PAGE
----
Assorted Insects
6.5" by 8.5" to 18" by 23"
On load from Stonewall Jackson High School,
VA and Biology Department, Gettysburg College
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The Renaissance marked a time when knowledge was valued above all things, and the collection and documentation of knowledge gave a citizen nobility and respect. The study of insects was one of many areas of study that became more prevalent in the Renaissance, and it was both reflected in and inspired by the curiosity cabinets that displayed many collections of insects.

The collection of insects was a very specialized and complicated process that required patience, perseverance, and a good eye. Because most insects are very small, early naturalists were only able to collect the adult forms of species. Equipment that was required to collect insects included durable clothing, vials to put specimens in, handy tools like knives and shovels to help dig up earth or scrape off bark, and nets. The “fly net” was the most widely used net in the Renaissance and it allowed collectors to scoop up all of the insects in a given area. Nets, however, were not useful for collecting insects that rested on surfaces, and in these cases instruments similar to tweezers were used. Sometimes naturalists used lanterns and dead carcasses to attract insects.[1]

An important man who studied insects in the Renaissance who was inspired by curiosity cabinets was Jan Swammerdam. Swammerdam’s father owned an apothecary that included a collection of rare foreign items.[2] Jan’s exposure to collections at a young age inspired him to create his own insect collection. Once he had an impressive and well-developed collection, he began to study insect morphology, anatomy, and life cycles under microscopes. In order to focus on parts of the insect he was observing, he used several different techniques to accentuate parts of the anatomy. Swammerdam injected colored liquids into the insects to highlight the vessels, put colored glass in the background, and dried out the insects to help him observe their anatomy.[3] He also dissected specific parts of the insects, like their eyes, to understand their function and the way in which those particular parts worked.[4]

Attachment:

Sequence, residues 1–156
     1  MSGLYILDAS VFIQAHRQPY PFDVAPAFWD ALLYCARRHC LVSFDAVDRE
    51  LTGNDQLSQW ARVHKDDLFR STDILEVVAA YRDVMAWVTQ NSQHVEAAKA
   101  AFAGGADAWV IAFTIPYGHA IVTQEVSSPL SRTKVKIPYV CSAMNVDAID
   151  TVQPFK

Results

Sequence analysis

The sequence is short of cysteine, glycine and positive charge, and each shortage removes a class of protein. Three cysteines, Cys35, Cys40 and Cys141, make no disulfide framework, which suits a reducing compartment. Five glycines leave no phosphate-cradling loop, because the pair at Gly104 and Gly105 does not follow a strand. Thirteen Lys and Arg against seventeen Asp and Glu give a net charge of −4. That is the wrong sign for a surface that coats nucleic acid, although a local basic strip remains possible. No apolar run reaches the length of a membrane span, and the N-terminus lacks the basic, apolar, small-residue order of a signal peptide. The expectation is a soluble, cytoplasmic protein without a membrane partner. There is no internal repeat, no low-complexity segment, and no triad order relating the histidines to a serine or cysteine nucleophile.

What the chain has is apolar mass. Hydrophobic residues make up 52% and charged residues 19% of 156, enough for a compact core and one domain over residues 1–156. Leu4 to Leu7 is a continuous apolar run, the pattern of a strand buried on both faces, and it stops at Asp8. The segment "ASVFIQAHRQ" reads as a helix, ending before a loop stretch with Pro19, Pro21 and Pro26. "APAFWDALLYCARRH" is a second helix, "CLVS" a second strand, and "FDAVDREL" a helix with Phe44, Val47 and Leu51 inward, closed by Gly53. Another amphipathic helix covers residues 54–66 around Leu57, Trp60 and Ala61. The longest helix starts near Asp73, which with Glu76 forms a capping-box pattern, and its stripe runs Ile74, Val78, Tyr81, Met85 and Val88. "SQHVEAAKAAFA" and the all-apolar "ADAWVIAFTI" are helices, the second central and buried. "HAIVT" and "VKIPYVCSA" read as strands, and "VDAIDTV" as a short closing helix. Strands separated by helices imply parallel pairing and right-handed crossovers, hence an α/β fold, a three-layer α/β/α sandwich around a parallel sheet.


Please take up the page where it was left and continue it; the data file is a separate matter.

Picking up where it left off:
Maria Sibylla Merian (German, 1647-1717) is one of the most respected natural historians and artists from the early eighteenth century. She was trained as an artist by her stepfather, but even when she was young it was clear that she enjoyed painting insects more than still-lifes. Although Merian had been collecting and observing insects for many years, it was not until she was in her early fifties that she and her daughter traveled to Surinam to study insects. Her decision to travel was influenced by several occurrences, but the most important factor was her visits to several curiosity cabinets in Amsterdam.[5] The cabinets in Amsterdam contained a wide variety of natural and man-made objects, insects included, and their owners were wealthy and powerful members of the community. The two collections that inspired Merian the most were those of Nicolaes Witsen and Agneta Block. Nicolaes Witsen had an especially large collection of Surinamese items that surely sparked Marian’s idea to travel.[6] Witsen’s various items from Surinam gave Merian an idea of where to go and an idea of who would be interested in her findings once she returned. Agneta Block’s collection mostly included insects, paintings, and a tropical garden.[7]